The university also said it has submitted related proposals for two endowed chair programs that would focus on “composite materials systems” used by the aircraft industry. Boeing, for example, is using composites, which are lighter than standard metals, in the construction of new aircraft.

Under the endowed chairs programs, which are coordinated through the S.C. Commission on Higher Education, state lottery proceeds and non-state matching funds are used to hire nationally or world-renowned professors.

Lawrence said the proposed endowed chair programs would be part of the proposed aviation center. The university also plans to develop an aerospace engineering degree, according to its prepared statement.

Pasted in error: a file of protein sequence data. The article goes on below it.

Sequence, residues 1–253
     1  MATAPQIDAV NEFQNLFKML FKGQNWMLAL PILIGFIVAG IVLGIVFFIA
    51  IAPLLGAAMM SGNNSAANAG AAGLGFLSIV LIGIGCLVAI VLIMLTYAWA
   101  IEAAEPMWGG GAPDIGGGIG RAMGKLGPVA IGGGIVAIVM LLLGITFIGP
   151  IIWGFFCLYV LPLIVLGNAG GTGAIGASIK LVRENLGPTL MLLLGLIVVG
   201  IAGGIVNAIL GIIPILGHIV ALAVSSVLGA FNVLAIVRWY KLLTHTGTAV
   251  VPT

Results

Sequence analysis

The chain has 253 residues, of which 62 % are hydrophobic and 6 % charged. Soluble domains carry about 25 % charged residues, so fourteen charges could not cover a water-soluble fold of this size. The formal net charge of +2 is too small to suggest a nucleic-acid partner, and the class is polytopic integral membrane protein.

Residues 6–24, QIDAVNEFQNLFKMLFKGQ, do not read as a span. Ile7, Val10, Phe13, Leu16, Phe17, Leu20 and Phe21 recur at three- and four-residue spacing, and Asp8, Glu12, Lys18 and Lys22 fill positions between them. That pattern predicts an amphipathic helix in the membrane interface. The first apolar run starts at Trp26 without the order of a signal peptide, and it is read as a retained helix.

Big Taxpayer Bill

Chicago-based Boeing in 2009 announced that it would build a $750 million assembly plant in North Charleston, promising to create at least 3,800 jobs over seven years, for its new 787 Dreamliner aircraft.

It was the single-largest announced investment and job-creation project in state history; the 1.2-million-square-foot assembly plant is expected to open by this July, company officials said earlier.

But in a series of stories last year, The Nerve revealed that state lawmakers were secretive about the total taxpayer cost of the plant.

In a similar precursor to last week’s unexamined move by the House Ways and Means Committee, initial details of the plant project didn’t become publicly known until the Legislature in a rare special session in October 2009 approved the sale of $170 million in taxpayer-funded state bonds for Boeing.